Do you ever feel like despite your best, most diligent, inspired effort, discipline and patience, you don’t seem to be getting anywhere? Maybe you have a vision that excites you – an idea of how something could be done differently, a creation you’d like to breathe life into, a way of improving your quality of life – or that of others. You plan, you prepare, you do the work. Repeatedly. But despite all that effort and persistence, you have little if anything to show for it.
You might question yourself. Are you doing it right? Are you missing something?
You might get angry and try harder to control the outcome – double down your efforts, research extensively to figure out how to foolproof your plan, do whatever you can to MAKE it happen.
You may take your anger out on others. Why aren’t they cooperating? And how is it that everyone else seems to have it easier than you do?
You may question your vision. Is this really worth investing your time and energy in?
You might feel like quitting and moving onto something easier, more mainstream, with less risk or exposure. You gave it a good run. Maybe it just wasn’t meant to be.
But the idea of throwing in the towel feels even worse than continuing what seems to be a losing battle.
And try as you might, you just can’t shake the hold of that vision. It beckons. It haunts. It enchants – revisiting you in your quiet hours, whispering about what is possible.
What do you do?
Have you ever heard the story of the Chinese Bamboo tree? It’s quite unusual. A farmer who plants these seeds will water, fertilize and tend to them daily. After a year of care and nurturing, the ground looks the same way it did when the seeds were planted. Another year will pass as the farmer continues his efforts, with no seeming growth at all. A third year of care and feeding will go by. NOTHING. And then another year of watering, fertilizing and patiently waiting. Still nothing. In the fifth year, small sprouts will appear. And in the six weeks that follow, the little shoot will grow up to ninety feet tall.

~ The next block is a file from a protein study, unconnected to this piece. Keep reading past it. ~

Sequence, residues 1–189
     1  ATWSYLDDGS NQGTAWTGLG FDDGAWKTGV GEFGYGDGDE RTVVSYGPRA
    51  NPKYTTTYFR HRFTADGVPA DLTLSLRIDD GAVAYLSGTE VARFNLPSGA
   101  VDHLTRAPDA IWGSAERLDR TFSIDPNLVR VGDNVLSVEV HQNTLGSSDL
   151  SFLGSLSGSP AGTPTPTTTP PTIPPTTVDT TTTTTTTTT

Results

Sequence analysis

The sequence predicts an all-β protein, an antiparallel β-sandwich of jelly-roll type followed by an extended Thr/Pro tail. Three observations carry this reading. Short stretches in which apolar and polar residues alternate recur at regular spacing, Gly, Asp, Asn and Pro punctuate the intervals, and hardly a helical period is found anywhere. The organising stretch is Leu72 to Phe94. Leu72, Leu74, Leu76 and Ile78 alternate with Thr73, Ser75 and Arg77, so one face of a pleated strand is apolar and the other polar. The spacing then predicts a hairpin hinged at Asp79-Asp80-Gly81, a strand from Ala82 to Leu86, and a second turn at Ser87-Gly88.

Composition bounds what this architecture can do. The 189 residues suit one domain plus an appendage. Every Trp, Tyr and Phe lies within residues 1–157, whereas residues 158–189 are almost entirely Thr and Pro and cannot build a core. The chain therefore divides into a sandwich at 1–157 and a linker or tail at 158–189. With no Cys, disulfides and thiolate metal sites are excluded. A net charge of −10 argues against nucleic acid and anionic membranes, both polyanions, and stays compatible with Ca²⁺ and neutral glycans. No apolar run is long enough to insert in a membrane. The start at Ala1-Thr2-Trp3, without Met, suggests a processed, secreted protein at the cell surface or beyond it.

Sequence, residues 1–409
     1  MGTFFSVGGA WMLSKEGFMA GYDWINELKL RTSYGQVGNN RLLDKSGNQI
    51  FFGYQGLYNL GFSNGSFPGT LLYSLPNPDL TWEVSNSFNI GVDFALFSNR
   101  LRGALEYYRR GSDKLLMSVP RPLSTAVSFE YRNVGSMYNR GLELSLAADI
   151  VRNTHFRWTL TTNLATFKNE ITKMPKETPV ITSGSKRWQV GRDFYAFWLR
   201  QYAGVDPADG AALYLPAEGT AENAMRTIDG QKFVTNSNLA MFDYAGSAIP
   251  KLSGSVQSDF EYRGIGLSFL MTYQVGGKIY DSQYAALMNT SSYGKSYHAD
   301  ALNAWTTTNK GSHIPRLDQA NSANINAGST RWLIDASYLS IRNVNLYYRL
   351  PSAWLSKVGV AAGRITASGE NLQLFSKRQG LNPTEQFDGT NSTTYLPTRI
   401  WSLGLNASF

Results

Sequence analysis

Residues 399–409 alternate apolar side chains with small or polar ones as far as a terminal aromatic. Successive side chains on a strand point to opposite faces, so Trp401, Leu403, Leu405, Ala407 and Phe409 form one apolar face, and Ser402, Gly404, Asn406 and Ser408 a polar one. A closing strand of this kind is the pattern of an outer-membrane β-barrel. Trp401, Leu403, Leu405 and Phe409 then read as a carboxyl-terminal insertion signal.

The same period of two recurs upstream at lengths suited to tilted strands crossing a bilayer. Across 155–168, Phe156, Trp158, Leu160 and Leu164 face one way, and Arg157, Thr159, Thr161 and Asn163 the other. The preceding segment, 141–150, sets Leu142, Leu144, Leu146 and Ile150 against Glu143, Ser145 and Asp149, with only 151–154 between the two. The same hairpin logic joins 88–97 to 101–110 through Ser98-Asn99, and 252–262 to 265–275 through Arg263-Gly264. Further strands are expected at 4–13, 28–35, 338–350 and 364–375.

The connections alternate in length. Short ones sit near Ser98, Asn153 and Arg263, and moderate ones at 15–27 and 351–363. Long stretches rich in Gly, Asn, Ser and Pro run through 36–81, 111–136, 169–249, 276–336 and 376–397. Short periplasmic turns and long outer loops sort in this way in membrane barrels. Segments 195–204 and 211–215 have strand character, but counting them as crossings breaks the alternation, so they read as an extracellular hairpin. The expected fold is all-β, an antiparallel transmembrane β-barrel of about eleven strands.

What we don’t realize about these seeds – and our precious visions – is that while patience, faith and perseverance may not produce tangible signs of progress for quite some time, they work wonders beneath the surface, laying the groundwork for what will follow.
To sustain the towering height these trees grow to, the root system must be deep and vast. We too must have a strong inner foundation to ensure we have what we need before we can share it with others. So many of our efforts are a quest to prove to ourselves that we are worthy. We often mistakenly think that accolades, prestige, wealth and all that comes with success will allow us to feel strong and fulfilled. But that approach is backwards.
The “trappings” of success fade over time and are as easily toppled as a tree with no root system. If instead we start with a strong, grounded feeling of worthiness and appreciation for ourselves, we can extend our gifts to others knowing that we have all we need and that sharing it with others will only make us stronger – in the same way that bamboo continues to grow after it is harvested. This strength is cultivated over time, and often happens during the times of our lives that feel most barren. We endure disappointments, we try something and fail, we learn about who we are and why we are here. This is all growth that happens beneath the surface. And it makes us strong and resilient enough to stand tall, reach high, and do the work we have been inspired to do out of joy rather than necessity.
Visions worth working for often don’t come to fruition right away and timing is not something that can be controlled. When we try desperately to speed things up, we will often experience frustration, and feelings of desperation that may lead to anger and/or withdrawal. Just as we cannot peel rosebuds open or shorten the time it takes for a caterpillar to become a butterfly, we cannot rush the progress and transformation that happens with our visions and our very selves. Sometimes our efforts to speed things up actually delay progress, as when we get too attached to a certain course of action that interferes with the natural progression of things. This is analogous to digging up and replanting seeds that have not yet sprouted.
The “overnight success” we often hear about is more often than not the result of years of dedication, commitment, perseverance and faith that like the growth of the Chinese bamboo tree took several years to come to fruition. As you pursue your grandest dreams and visions, many will tell you that your efforts are in vain, that you do not have what it takes, that you should quit while you are ahead. And you may begin to question yourself as well. But as you weather these storms and continue to believe in and cultivate something that cannot yet be seen, you will ultimately be rewarded with seeing that which you believe. And it will enrich your life – and that of others in ways you may never have anticipated.
For more on bringing your grandest dreams and visions to fruition and laying the foundation necessary to sustain them, check out The Pinocchio Principle: Becoming a Real Leader now available in both ebook and paperback formats on Amazon.